Hirokazu Nagai (長井 弘和 Nagai Hirokazu, born November 10, 1968), better known as Mitsuya Nagai (長井満也 Nagai Mitsuya), is a Japanese mixed martial artist, kickboxer and professional wrestler. He is known for his work in Fighting Network RINGS and later in pro wrestling companies like Battlarts and New Japan Pro Wrestling. He currently wrestles for Dradition Pro Wrestling and Pro Wrestling Noah.
|Born||November 10, 1968|
Sunagawa, Hokkaido, Japan
|Height||1.85 m (6 ft 1 in)|
|Weight||108 kg (238 lb; 17.0 st)|
|Mixed martial arts record|
|Mixed martial arts record from Sherdog|
last updated on: January 8, 2014
Hirokazu trained in Satoru Sayama's Super Tiger Gym during secondary school and tried to join All Japan Pro Wrestling immediately afterwards, but its chairman Giant Baba asked him to finish high school first. While studying, Nagai started competing in amateur shootboxing and amassed a 5-2 record, which made him change his ambition, so after graduating he went to join UWF Newborn instead of AJPW. He became a trainee under Akira Maeda and learned the shoot-style, but he got injured and UWF closed his doors before he could debut. Nagai eventually followed Maeda to his new promotion, Fighting Network RINGS.
Fighting Network RINGS (1991-1997)Edit
Nagai debuted in RINGS on August 1, 1991 in a match against Herman Renting. He revealed himself as a promising rookie, showing will and toughness, but aside of a high-profile match against Gerard Gordeau on December 7, in which he was defeated in 0:34, Nagai was relegated to low profile matches. He qualified for the Mega Battle Tournament 1991, but was eliminated on the first round by Masaaki Satake. Nagai competed both in professional wrestling and mixed martial arts, though only sporadically in the latter. He was defeated by Dick Vrij on May 16, 1992 by TKO, and would also lost to Willie Peeters on July 16, 1992, both in special shoot matches.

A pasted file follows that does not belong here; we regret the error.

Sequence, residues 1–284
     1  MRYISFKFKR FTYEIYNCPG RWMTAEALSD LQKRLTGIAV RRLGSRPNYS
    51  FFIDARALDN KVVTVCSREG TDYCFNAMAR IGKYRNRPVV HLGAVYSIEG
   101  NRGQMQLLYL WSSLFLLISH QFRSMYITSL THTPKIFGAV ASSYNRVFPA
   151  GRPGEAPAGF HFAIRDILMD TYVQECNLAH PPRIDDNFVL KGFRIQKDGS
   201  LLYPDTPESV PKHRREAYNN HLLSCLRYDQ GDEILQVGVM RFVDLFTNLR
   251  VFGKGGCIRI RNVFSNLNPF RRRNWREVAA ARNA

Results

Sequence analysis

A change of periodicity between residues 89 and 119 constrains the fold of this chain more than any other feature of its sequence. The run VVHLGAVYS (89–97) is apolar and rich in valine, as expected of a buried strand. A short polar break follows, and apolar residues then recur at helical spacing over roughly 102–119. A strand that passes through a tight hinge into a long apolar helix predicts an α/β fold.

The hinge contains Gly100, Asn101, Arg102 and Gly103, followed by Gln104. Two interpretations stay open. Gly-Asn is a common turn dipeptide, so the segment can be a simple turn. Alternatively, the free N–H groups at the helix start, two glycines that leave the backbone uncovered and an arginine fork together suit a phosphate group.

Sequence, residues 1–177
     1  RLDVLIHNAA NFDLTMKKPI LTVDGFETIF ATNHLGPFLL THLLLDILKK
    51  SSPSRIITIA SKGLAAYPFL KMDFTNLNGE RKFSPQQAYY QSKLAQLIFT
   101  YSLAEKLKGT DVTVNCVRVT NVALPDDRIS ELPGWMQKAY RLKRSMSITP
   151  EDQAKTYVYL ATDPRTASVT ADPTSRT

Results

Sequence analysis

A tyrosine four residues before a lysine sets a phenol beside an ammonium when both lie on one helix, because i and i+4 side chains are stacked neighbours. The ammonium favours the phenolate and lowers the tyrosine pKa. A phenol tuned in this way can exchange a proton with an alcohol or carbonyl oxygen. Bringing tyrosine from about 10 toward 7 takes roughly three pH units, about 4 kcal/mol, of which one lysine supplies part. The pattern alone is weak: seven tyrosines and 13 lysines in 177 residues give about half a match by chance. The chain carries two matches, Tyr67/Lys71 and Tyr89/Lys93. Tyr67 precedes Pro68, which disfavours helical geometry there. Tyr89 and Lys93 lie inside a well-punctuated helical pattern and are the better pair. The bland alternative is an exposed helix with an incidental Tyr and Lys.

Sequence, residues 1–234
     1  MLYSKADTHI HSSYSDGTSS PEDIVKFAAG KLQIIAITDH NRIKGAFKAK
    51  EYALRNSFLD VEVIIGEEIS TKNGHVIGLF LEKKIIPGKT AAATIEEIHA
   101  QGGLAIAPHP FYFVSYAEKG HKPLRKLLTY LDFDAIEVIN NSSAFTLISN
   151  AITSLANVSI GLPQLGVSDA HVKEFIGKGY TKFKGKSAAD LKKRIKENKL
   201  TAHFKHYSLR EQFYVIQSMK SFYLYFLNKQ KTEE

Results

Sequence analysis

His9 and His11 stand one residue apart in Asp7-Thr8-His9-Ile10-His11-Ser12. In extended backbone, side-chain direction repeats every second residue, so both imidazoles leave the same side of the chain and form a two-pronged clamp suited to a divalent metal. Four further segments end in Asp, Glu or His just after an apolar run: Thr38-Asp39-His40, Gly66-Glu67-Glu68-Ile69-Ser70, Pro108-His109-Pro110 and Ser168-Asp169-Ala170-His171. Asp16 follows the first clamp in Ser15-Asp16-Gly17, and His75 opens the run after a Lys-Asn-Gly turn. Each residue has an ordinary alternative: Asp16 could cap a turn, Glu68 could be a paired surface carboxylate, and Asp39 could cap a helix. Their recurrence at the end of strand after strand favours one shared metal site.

In 1994, Nagai looked to ascend the scale by taking part on the Mega Battle Tournament 1994, eliminating Ameran Bitsadze on the first round, but then losing to Chris Dolman in the second. Next year, he faced Dick Vrij in a shoot rematch held in RINGS Holland on February 19, 1995, but he fell knocked by a knee strike while Vrij was illegally holding the ropes in the corner, an action which went unnoticed or the referee. However, Mitsuya would get booked for a trend of victories back in Japan, beating the likes of Andrei Kopylov, Yoshihisa Yamamoto and Carl Greco. He finally would get his retribution over Vrij submitting him via heel hook on a third shootfight in August 24, 1996. Nagai then got the greatest victory until the moment, submitting Tsuyoshi Kohsaka in a match, but his momentum got cut short by Kiyoshi Tamura at the Mega Battle Tournament 1996.
In 1997, Nagai got a license by the All Japan Kickboxing Federation and competed at the Kick Over IX event as a RINGS representative. It would be his last year in the promotion, as he left RINGS after a match with Akira Maeda in which Maeda shot on him after the bell.